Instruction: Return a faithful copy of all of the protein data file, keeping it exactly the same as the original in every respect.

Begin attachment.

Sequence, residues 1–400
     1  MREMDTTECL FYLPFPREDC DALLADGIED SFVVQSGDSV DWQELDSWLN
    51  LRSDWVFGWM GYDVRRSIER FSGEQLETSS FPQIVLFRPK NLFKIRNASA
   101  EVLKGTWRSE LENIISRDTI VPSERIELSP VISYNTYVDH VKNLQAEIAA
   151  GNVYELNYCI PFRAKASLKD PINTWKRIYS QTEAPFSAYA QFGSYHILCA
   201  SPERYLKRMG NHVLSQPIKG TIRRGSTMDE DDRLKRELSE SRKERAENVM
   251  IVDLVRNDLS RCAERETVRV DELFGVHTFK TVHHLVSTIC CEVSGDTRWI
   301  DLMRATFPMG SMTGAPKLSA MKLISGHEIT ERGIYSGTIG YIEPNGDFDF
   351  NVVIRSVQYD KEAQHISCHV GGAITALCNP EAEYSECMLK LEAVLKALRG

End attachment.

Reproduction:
Sequence, residues 1–400
     1  MREMDTTECL FYLPFPREDC DALLADGIED SFVVQSGDSV DWQELDSWLN
    51  LRSDWVFGWM GYDVRRSIER FSGEQLETSS FPQIVLFRPK NLFKIRNASA
   101  EVLKGTWRSE LENIISRDTI VPSERIELSP VISYNTYVDH VKNLQAEIAA
   151  GNVYELNYCI PFRAKASLKD PINTWKRIYS QTEAPFSAYA QFGSYHILCA
   201  SPERYLKRMG NHVLSQPIKG TIRRGSTMDE DDRLKRELSE SRKERAENVM
   251  IVDLVRNDLS RCAERETVRV DELFGVHTFK TVHHLVSTIC CEVSGDTRWI
   301  DLMRATFPMG SMTGAPKLSA MKLISGHEIT ERGIYSGTIG YIEPNGDFDF
   351  NVVIRSVQYD KEAQHISCHV GGAITALCNP EAEYSECMLK LEAVLKALRG